With a very strong ridge of high pressure stationed over the eastern United States, more typical of summer, it prevents the cold front (and associated upper level trough pictured in Figure 3 across the western U.S.) from pushing east out of the Plains. Instead, it wavers eastward with each push of the trough (and associated wind maximum) and brings a round of very heavy thunderstorms with abundant rain (similar to that observed October 3). The front stalls again and begins to push back west and north after the wind maximum passes (similar to the weather observed on October 4). That allows the warm air/moisture to pool up once again before the next system repeats the process. This “ebb and flow” pattern is forecasted to continue until mid-to-late next week (October 11-13).

 

Figure 3. Upper level winds forecasted for Sunday, October 7 with added descriptions of influences developing heavy rain in central Kansas (Tropicaltidbits.com)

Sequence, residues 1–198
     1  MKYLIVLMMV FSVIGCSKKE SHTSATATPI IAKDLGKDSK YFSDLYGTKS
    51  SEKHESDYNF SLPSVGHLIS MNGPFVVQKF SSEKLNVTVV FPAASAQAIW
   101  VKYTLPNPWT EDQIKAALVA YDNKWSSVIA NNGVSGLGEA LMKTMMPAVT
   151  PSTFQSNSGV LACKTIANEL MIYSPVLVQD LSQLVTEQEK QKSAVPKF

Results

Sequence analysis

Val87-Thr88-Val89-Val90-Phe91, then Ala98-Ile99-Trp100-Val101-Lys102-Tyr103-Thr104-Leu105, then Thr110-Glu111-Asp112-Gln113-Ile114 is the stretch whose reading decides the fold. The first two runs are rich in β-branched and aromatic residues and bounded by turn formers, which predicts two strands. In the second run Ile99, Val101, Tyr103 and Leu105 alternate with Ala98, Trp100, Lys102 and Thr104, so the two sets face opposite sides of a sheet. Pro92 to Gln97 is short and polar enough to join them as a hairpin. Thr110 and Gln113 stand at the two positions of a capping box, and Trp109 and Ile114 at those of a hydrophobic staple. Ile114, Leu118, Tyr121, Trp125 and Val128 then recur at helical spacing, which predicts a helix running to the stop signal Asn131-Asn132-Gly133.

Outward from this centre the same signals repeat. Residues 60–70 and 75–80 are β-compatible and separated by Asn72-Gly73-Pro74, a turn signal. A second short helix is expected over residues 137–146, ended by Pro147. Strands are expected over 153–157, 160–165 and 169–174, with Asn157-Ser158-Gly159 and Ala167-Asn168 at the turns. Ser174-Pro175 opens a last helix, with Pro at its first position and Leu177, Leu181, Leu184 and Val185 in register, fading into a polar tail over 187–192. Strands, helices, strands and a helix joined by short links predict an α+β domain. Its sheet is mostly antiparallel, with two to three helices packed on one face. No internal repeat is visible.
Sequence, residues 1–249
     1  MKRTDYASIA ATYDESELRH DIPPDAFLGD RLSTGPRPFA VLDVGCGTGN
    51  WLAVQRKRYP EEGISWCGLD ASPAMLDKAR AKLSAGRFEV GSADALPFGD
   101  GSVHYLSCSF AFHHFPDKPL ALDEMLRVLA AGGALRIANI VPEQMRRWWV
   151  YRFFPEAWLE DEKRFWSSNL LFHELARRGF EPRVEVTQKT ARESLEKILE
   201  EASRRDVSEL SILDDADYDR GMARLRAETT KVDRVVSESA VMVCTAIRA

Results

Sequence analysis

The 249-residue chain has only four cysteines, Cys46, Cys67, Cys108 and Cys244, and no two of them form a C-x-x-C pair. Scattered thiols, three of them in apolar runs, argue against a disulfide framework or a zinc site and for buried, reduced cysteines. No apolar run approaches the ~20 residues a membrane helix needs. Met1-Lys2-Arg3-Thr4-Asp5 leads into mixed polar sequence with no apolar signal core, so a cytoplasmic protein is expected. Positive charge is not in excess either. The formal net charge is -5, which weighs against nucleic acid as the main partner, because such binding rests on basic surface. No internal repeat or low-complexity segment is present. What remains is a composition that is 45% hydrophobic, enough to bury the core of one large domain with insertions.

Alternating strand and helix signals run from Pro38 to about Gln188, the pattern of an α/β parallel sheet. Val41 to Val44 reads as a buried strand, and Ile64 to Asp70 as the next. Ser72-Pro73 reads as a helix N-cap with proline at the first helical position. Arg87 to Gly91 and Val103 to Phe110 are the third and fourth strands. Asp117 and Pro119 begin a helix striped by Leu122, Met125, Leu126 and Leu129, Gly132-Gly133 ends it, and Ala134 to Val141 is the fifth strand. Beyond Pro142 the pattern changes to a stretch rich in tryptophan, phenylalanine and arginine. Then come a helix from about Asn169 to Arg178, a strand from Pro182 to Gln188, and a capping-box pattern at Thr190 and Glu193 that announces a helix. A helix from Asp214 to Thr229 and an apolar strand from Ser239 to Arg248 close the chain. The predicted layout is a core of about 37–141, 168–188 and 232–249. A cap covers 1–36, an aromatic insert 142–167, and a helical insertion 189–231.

The good: it is bringing much needed moisture to areas that need it for drought mitigation and storage ponds in advance of the driest time of the year.

The bad: very heavy rain is likely where thunderstorms persist. Areas of 3 inches or more will likely not be quite as widespread as forecasted. However, it only takes a few thunderstorms over a short time to likely see some very localized totals in excess of 8 inches. Any moisture, however, has unfortunate timing for those in the process of harvest/plant operations underway across the state. Delaying the drying down (before maturity) could increase the probability of potential impacts, primarily for soybeans and sorghum, related to freeze damage.
 

Implications for Wheat Planting